Eh, not it is not. “Criminal past” is not a protected class. In fact, depending on what someone was convicted of it might actually be against the law to hire them. See the recent story of the Wells Fargo employee who was fired for having a theft conviction.

          • Difdi says:

            That’s a case of someone being fired from a job where you are trusted not to steal, because they had an undisclosed prior conviction for theft. But that same person would have a valid complaint if they were fired from a ditch digging job because they were once convicted of theft.

            You don’t hire thieves to be bank tellers, you don’t hire pedophiles to run a daycare. But there isn’t necessarily any reason not to hire a former thief to take care of kids, and there isn’t necessarily any reason to worry about a former pedophile handling money.

  4. yankinwaoz says:

    I think this guy is misdirecting his anger about the foreclosure. BofA didn’t steal his car. Car thieves did. Heck, he doesn’t even know if the actual employees did the theft. They might have just told someone dodgy about an awesome car sitting in the garage of a foreclosed house.

    This theft could just as easily happened with zero bank involvement. A nosy neighbor, a meter reader, a door to door solicitor, could just have easily done it, or told someone who did it.

    This is why you need insurance on things that are that valuable to you. If this car was this important, then he should have keep it in HIS garage where he could watch over it in person.

    • Marlin says:

      RTFA

      The people BoA hired are the ones that stole the car.

      “A neighbor told Mr. Dahrooge that the same crew that had winterized the home and padlocked the garage door in March returned the next day, used a key to open the garage lock and towed away the distinctive purple car, which has dual four-barrel carburetors and a chrome air scoop sticking up through the hood.”

      They got the keys from BoA as well.

      • SirWired says:

        BofA hired a contractor, which in turn hired / provided the keys to, these goons. That’s likely enough “distance” to put BofA legally in the clear.

        • dolemite says:

          At the very least, the contractor is responsible. Either the contractor is, or BofA is. When your employees commit crimes in the clock, you are responsible for their actions. If a delivery guy runs a red light and injures someone while making deliveries, you can sue the company he works for. I see no difference here, it’s just determining who is responsible.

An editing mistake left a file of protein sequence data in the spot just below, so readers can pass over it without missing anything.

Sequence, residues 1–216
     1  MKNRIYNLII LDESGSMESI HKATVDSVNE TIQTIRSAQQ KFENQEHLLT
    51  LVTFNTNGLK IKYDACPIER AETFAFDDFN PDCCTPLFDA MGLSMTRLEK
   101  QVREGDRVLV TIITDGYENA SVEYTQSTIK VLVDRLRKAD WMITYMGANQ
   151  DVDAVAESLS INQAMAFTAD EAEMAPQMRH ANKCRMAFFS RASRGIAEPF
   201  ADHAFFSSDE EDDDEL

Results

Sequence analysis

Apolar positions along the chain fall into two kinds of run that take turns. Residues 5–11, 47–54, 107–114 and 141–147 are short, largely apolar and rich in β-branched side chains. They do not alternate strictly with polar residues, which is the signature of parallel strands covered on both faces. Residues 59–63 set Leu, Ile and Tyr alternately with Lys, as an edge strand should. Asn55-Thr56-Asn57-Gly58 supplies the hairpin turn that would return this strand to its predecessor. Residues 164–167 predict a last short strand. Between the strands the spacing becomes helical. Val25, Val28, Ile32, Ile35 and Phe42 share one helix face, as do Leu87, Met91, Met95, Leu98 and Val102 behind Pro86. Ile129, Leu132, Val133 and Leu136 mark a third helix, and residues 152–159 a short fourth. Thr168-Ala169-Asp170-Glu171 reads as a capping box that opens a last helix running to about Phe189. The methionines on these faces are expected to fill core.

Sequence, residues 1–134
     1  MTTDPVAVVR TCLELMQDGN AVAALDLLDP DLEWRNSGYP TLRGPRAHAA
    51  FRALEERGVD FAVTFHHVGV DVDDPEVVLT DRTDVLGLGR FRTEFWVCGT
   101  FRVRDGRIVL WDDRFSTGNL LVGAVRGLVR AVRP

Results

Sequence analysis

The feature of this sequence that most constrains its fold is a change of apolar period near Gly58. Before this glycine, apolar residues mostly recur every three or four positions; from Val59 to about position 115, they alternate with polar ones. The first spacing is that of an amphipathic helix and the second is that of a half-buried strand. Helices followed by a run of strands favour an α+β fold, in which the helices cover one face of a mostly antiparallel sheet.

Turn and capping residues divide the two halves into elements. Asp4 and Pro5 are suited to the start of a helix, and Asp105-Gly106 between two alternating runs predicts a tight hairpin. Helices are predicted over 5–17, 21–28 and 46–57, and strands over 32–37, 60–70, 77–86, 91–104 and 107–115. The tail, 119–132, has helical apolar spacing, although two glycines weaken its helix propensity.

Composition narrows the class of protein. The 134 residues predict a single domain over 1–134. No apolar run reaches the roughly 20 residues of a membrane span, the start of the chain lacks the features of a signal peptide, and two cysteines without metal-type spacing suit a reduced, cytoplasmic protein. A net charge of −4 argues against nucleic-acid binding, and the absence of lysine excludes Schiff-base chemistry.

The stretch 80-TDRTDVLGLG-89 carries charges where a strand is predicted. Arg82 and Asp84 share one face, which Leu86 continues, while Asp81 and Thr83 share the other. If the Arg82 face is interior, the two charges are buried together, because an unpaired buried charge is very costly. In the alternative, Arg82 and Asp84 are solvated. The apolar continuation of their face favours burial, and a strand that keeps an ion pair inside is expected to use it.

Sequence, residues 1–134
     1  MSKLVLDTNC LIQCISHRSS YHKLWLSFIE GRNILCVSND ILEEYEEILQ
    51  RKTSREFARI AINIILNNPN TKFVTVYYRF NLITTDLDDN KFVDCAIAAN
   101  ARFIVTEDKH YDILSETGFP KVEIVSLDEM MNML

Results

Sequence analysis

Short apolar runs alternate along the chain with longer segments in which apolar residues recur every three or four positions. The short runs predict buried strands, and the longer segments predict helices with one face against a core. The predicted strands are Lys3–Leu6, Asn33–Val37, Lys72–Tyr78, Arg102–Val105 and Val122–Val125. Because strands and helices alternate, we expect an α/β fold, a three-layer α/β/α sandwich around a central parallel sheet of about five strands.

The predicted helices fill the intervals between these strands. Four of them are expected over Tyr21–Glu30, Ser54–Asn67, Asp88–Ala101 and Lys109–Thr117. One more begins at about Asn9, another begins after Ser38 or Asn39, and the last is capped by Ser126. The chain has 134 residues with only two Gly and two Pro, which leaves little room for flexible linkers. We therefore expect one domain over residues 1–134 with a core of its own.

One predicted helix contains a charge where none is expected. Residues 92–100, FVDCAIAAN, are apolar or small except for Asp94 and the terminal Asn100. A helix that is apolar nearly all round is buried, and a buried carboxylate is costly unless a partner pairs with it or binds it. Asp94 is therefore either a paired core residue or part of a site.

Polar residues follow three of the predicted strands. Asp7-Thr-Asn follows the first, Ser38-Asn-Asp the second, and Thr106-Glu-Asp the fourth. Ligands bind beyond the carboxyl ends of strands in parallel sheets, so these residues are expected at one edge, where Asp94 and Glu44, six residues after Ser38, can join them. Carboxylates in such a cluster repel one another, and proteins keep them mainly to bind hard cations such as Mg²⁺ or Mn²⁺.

• SirWired says:

            Agency law is actually a little fuzzy on this. A driver running a red light on a delivery run is acting within the scope of his employment, albeit poorly; making the company clearly responsible.

            Thieves that come back to a house off the clock to steal a car are not acting within the scope of their employment. As long as they aren’t using a tow truck owned by their employer, the employer could escape liability. Businesses are not required to run background checks on employees, absent some sort of special regulations (like day care centers.) Failure to run a background check would not be inherently negligent.

    • Shadowman615 says:

      I doubt he’s angry about the foreclosure — it’s not really his house. The home belongs to his deceased mother’s estate ; they had been storing the car there for winters since she was alive.
      He was still “controlling the home” as the estate executor during the foreclosure proceedings and had the right to store the car there. RTFA, he *does* know it was employees who did it because that’s who had the car (and who was arrested for it.) Of course, like you say, it *could have* just as easily happened with zero bank involvement. And I could have been crushed by a falling piano on my way into the office building this morning. But I wasn’t.

  5. SirWired says:

    Legally, I think BofA is in the clear. They aren’t required to perform background checks on the employees of contractors. Now, if they had previous complaints that said contractor employed a bunch of thieving thugs, that would indeed be negligence. But hiring an apparently-reputable contractor to begin with, whose employees then go do bad things? That’ll never stick.

    • MaxH42 needs an edit button says:

      Well, even if that’s true, the next time this happens the plaintiff’s lawyer (if s/he’s smart) will ask BoA “Did you demand that your contractors perform background checks and tell them they were forbidden from allowing people with (felony, larceny, whatever) records from having access to the property or the keys to the property?” They should have some kind of standards to which they try to hold their contractors, if for no other reason than to protect their own asses.

    • and_another_thing says:

      The buck has to stop somewhere. Even if BoA is _legally_ in the clear, the public should hold them responsible for this.

  6. dicobalt says:

    Banks rarely do anything right (or legal) with their foreclosed properties. I see it all around my neighborhood.

  7. dush says:

    Shouldn’t it be the actual employer of the two alleged criminals rather than BofA who just contracted with a service?

    • lyontaymer30 says:

      He’s going after BOA because they have more money. Don’t let logic get in the way of the money grab.

  8. scoosdad says:

    You need to go look at the source link if only to see the photo accompanying the article. Looks like it was posed for a reality TV show ad:

    “Father and son team up for some vigilante-style justice. All new this week on “Muscle Car Wars: Massachusetts”.